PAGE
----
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Airline apologizes for plane prayer scare
On Sunday law enforcement met a plane at Los Angeles International Airport after praying passengers triggered security fears.
March 15th, 2011
02:01 PM ET

Airline apologizes for plane prayer scare

By Eric Marrapodi, CNN Belief Blog Co-Editor

Alaska Airlines has apologized for a weekend incident in which three Orthodox Jewish businessmen triggered security concerns by conducting a prayer ritual on board a flight to Los Angeles.

The men began praying out loud in Hebrew shortly after takeoff on Flight 241 from Mexico City. Flight attendants alerted the flight deck, which then called the tower and alerted law enforcement. When the plane arrived at Los Angeles International Airport, it was met by the FBI, Customs and Border Protection and airport police.

The men were questioned, their bags searched, and it was determined they were not a threat according to the FBI.

"Alaska Airlines embraces the cultural and religious diversity of our passengers and employees. We apologize for the experience these three passengers went through after landing in Los Angeles as well as for any inconvenience to our other customers onboard," Alaska Airlines spokeswoman Bobbie Egan said.

Alaska Airlines said it plans to update its awareness training of Orthodox Jews and is reaching out to the Jewish Federation of Greater Seattle for help.

The airline issued the apology after conducting an internal review of Sunday’s incident, and said it wasn’t just the prayers that worried the flight crew.

"Flight attendants observed unusual behavior from three male passengers that continued during the four-hour flight,” Egan said in a statement issued late Monday.

“Out of concern for the safety of all of the passengers on board, the crew erred on the side of caution and authorities were notified. The crew did not realize at the time that the passengers were Orthodox Jews engaging in prayer ritual in Hebrew."

Egan said three specific instances that went beyond the men's prayers appeared to be unusual behavior to the crew:

Flight attendants instructed everyone to stay seated with their seatbelts fastened as the aircraft flew through turbulence shortly after takeoff. The three passengers disregarded repeated requests, however, and stood up several times to retrieve objects from their luggage in the overhead bin that the crew had never seen, including small black boxes fastened with what appeared to be black tape. The crew learned after the plane landed that these were tefillin boxes worn during the prayer ritual.

The men prayed aloud together in a language unfamiliar to the crew while wearing what appeared to be black tape and wires strapped to their forearms and foreheads and wires on their chests. Their actions and behavior made some other travelers and the crew uneasy. The three passengers responded, but provided very little explanation, to a flight attendant’s questions about the tefillin boxes and what they were doing.

Later in the flight, two of the three passengers visited the lavatories together while the third waited in the aisle and continually looked around the cabin and toward the flight deck door. Flight attendants thought he appeared anxious, as if he were standing guard.

During weekday prayers, some Orthodox Jewish men wear teflillin, or phylacteries - black leather straps wrapped around the left arm and around the forehead. The straps are connected to small boxes with tiny scrolls containing Jewish scriptures. Many Orthodox Jewish men also wear a prayer shawl called a tallit under their clothes, with knotted fringes at each of the four corners.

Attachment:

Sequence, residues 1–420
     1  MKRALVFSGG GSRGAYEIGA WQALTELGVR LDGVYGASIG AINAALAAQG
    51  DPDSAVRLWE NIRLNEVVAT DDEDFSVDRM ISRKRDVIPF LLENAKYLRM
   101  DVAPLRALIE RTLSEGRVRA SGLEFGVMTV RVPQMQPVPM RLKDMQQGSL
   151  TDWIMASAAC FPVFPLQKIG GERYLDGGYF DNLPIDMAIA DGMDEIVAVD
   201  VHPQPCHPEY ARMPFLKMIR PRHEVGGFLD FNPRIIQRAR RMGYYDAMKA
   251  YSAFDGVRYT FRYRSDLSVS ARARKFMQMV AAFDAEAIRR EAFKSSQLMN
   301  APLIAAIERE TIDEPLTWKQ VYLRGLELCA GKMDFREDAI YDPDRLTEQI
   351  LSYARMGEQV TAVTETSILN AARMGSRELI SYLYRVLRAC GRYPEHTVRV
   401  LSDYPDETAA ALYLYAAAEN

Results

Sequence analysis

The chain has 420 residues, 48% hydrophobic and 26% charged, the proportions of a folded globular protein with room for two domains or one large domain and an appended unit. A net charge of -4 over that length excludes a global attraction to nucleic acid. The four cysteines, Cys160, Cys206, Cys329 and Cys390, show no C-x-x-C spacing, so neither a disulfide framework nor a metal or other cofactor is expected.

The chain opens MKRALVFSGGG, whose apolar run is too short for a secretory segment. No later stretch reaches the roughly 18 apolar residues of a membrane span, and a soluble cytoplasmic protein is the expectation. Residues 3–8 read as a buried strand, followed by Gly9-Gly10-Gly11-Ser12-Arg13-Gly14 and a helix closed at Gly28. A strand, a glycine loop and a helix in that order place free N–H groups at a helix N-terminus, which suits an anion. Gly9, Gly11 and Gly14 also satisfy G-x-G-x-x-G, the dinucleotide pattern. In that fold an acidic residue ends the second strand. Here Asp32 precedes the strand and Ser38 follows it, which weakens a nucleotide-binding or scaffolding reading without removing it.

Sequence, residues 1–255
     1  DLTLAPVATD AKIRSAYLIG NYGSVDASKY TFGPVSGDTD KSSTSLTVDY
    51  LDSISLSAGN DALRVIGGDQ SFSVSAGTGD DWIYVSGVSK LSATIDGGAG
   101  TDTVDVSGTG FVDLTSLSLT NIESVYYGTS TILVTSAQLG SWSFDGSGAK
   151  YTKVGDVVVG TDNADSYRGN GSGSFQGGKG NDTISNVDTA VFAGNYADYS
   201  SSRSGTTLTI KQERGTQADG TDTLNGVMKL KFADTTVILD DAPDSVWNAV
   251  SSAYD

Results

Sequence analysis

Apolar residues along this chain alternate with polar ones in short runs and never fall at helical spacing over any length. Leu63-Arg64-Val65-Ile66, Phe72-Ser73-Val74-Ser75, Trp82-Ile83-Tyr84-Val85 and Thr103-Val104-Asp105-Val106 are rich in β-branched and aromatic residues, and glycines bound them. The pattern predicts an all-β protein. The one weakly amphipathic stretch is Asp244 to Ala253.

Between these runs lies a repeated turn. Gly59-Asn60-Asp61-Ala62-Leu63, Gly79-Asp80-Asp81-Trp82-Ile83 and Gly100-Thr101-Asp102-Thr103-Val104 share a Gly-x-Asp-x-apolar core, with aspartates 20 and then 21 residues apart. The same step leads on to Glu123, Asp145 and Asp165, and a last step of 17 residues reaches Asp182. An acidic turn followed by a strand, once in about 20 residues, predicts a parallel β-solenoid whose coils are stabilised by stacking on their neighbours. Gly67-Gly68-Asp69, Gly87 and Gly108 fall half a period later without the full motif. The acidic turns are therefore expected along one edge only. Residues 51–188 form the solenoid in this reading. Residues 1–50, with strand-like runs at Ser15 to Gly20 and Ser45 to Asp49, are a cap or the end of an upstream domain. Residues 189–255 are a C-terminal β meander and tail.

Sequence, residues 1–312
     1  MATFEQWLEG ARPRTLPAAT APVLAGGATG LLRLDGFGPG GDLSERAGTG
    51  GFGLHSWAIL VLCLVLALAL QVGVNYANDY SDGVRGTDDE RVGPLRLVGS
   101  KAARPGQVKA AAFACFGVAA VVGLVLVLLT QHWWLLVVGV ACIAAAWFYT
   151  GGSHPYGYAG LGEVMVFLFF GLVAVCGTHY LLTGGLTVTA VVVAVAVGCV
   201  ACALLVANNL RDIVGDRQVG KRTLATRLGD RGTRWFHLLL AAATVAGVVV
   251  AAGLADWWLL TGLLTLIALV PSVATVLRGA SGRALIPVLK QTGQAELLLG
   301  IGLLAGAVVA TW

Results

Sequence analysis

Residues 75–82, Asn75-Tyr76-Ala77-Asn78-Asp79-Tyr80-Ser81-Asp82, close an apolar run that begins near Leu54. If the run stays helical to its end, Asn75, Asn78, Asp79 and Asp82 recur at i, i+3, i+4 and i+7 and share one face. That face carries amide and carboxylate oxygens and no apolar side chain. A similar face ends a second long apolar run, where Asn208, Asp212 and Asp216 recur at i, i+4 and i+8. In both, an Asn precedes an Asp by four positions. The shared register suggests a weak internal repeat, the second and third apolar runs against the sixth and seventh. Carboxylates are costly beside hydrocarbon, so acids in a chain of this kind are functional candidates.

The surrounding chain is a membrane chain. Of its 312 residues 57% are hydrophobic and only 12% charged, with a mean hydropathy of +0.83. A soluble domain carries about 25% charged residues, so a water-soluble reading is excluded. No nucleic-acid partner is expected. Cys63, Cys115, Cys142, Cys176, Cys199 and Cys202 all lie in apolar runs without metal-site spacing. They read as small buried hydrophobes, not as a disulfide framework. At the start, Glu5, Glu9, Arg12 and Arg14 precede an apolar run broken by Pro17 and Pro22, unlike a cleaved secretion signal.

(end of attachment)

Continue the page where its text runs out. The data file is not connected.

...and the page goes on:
Rabbi Motti Seligson, a spokesman for Chabad-Lubavitch, an Orthodox Jewish movement, explained the ritual further to CNN:

Tefillin are two leather black boxes with sacred parchment inside hand-crafted by a special scribe. The boxes are bound on the arm and head during prayer to spiritually align the mind and heart. I would encourage airlines to sensitize its employees to the salient effect of the tefillin ritual – and would be more than happy to put them in touch with local rabbis who can teach their personnel more about this tradition.

According to the Anti-Defamation League, this issue comes up occasionally. Last year after a similar incident, the ADL and Chabad sent a letter and a flier to all the major airlines explaining teflillin, said Deborah Lauter, ADL’s director of civil rights.

"We understand these prayer items may not be familiar. We gave them the suggestions that they do training about it. We had hoped they would include this in their training," Lauter said.

She said she is sending a letter to Alaska Airlines again to remind them.

Lauter said there is an onus on both parties in such a situation.

“The safety of passengers is paramount, and in this age of heightened security people are on edge. I think it’s understandable why people would have this reaction. There has to be a give and take too with the passengers. If they weren’t cooperating, that’s a different problem than religious sensitivity,” she said.

"Education is a two way street. We hope airlines will include this training with their staffs," Lauter said. “It also wouldn't hurt for passengers who are going to be participating in this ritual to alert the staff ahead of time.”

- CNN Belief Blog Co-Editor

Filed under: Belief • California • Prayer • United States

soundoff (1,457 Responses)
  1. Ronnie

    It is always scary when terrorist pray out loud on a plane.

    March 15, 2011 at 2:48 pm |
  2. hma234

    The airline shouldn't be apologizing. The three men should apologize for not discussing their specific needs ahead of time with the crew. Jewish, Christian, Muslim...whatever the case may be, I think it is perfectly reasonable in a post-9/11 era for people to get nervous when they see people on a plane, 34 thousand feet in the air, praying out loud in a foreign language and ignoring the instructions of flight personnel. What were these guys thinking? Freedom and respect goes both ways. They should respect the concerns, safety and privacy of the passengers on the plane.

    March 15, 2011 at 2:47 pm |
    • MrsFizzy

      What happened to it being a federal offense to disobey the instructions of the flight crew anyway??

      March 15, 2011 at 2:49 pm |
  3. Steve

    Peoples nutty religions – the cluprit of most of the problems on the planet political and otherwise. It's your choice people, but keep your thoughts and crazy beliefs to yourself. Especially those from that part of the world!

    March 15, 2011 at 2:47 pm |
  4. NP4507

    If these were Muslim men, they would have been arrested and put on a "no fly" list. Just because they're Jewish, they're getting apologies.

    March 15, 2011 at 2:46 pm |
    • fork E

      Maybe that's because Jews aren't well known for hijacking airplanes you moron!!!

      March 15, 2011 at 2:52 pm |
    • luckluck

      absolutely. Everyone scares of jews power in the US. They would shut down the company, if they didn't apologize.

      March 15, 2011 at 2:53 pm |
    • luckluck